Tasso gravy is a versatile, mutable classic with all sort of creative uses. Creamy with a little spice (you can up it with hot sauce or more creole seasoning), it’s a perfect foil for simple grits or rice. I particularly like it over plain rice, where the rich gravy really shines, but cheese grits make a perfect bed for the gravy for an extra layer of flavor. Add some shrimp or crawfish tail meat or red beans, or spoon it over biscuits or pork chops. Whip up some Café Brulot Brownies or King Cake Bars for a real Mardi Gras celebrations.

Tasso Gravy and How to Use It
Serves 6
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Ingredients
  1. Tasso Gravy and How to Use It
  2. 1 cup finely diced onion
  3. ½ cup finely diced celery
  4. ½ cup finely diced green bell pepper
  5. ½ cup vegetable oil
  6. ½ cup all-purpose flour
  7. 1 teaspoon creole seasoning
  8. 4 cups low-sodium chicken broth
  9. 8 ounces tasso ham, diced
  10. 6 ounces andouille sausage, cut into half and thin into thin half moons
Instructions
  1. Mix the diced vegetable together in a bowl and keep them close to the stove. Now we are going to make a roux. In a large (4 -5 quart) heavy pan (I like enameled cast iron), heat the oil over medium high heat. Add the flour and stir until smooth and lump-free. Cook the roux, stirring frequently, until the color begins to darken. As it deepens, stir more frequently, then constantly, scraping the bottom and sides of the pan. As it darkens, it can burn quickly so pay attention. I use a heatproof spatula or a wooden spoon for my roux, because it is very hot. When the roux has turned a deep brown, between the color of sweet tea and a good bourbon, after about 15 minutes, add the chopped onion, celery and bell pepper and stir well. The roux will seize up and cling to the vegetables, that’s what you want. Cook until the vegetables are soft, about 5 minutes. Add the creole seasoning and stir well. Now slowly pour in 2 cups of the chicken broth, stirring constantly, until the gravy is thick. Stir in the tasso, then the andouille until combined, then pour in the remaining broth, stirring constantly. Bring the gravy to a bubble and cook, stirring frequently, until thickened and rich.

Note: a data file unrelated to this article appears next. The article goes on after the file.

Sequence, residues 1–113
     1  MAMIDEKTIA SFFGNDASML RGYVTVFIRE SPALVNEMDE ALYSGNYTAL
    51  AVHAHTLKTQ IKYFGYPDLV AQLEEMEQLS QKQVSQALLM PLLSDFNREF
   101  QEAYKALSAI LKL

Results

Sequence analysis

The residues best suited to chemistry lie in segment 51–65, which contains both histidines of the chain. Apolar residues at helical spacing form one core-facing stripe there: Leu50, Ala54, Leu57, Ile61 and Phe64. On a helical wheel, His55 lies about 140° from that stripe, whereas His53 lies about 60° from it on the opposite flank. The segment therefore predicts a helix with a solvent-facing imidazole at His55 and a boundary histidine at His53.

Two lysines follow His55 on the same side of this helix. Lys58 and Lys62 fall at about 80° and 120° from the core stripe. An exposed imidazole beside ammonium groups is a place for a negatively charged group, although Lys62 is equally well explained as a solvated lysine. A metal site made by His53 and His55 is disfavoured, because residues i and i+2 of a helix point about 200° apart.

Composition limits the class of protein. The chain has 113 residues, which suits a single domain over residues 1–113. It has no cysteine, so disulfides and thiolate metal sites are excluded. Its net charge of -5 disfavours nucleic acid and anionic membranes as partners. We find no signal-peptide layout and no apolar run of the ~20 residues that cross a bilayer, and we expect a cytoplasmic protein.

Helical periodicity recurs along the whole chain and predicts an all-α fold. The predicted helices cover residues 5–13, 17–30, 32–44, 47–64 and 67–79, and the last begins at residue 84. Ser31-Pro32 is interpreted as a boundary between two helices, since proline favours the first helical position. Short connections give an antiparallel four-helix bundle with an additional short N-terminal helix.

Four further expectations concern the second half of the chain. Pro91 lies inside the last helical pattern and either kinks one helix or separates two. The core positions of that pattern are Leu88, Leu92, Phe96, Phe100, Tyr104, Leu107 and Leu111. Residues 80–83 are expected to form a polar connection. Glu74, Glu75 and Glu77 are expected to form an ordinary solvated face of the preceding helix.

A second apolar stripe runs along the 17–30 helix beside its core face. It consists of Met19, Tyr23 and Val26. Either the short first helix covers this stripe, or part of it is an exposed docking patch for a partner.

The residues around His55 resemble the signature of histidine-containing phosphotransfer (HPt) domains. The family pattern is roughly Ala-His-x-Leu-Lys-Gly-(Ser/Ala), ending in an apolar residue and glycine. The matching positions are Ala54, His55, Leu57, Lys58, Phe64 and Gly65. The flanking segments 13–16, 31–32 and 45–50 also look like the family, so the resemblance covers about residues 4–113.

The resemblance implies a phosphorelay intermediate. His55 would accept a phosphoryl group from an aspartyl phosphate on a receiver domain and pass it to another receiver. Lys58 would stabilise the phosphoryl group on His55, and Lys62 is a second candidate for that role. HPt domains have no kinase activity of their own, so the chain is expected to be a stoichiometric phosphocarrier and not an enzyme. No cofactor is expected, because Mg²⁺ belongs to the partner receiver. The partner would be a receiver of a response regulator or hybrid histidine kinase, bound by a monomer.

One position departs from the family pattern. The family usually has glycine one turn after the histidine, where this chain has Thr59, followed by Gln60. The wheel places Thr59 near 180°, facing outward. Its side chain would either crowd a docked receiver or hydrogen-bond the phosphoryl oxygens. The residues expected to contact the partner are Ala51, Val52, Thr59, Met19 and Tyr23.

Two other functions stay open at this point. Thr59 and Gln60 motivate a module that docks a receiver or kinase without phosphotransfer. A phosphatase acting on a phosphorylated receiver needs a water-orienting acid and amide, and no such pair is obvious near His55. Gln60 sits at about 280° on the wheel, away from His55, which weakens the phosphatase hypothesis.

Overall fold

How to use the gravy
  1. Tasso Gravy is delicious served over grits or white rice. Try cheese grits made with smoked gouda or smoked cheddar.
  2. It’s also great over biscuits for a Louisiana twist to biscuits and gravy. Add a poached egg on top for a jazzy benedict.
  3. Throw in a pound of peeled, deveined shrimp into the hot gravy and cook just until the shrimp are pink, curled and cooked through. Spoon over grits or cheese grits.
  4. Rinse, drain and pat dry some crawfish tail meat and cook until heated through.
  5. For a full pork experience, spoon the gravy over cooked thick pork chops, with mashed potatoes on the side.
  6. Add cooked red beans (or canned, rinsed and drained) and heat through. Serve over rice for an interesting twist to red beans and rice.
The Runaway Spoon http://therunawayspoon.com/blog/

Cranberry Oatmeal Muffins

Cranberry Oatmeal MuffinsThe holidays are filled with so much sweet and sugary (not that I’m complaining), so sometimes it’s nice to have a treat that’s seasonal and festive, but not as cloying or overly sweet. These muffins hit the spot. Hearty with oatmeal and moist from yogurt, these muffins are filling and comforting with a nice holiday kick. Perfect for a Christmas morning buffet or as a little early morning present opening snack before the big meal. They make a great gift, wrapped up in a pretty gift bag or napkin.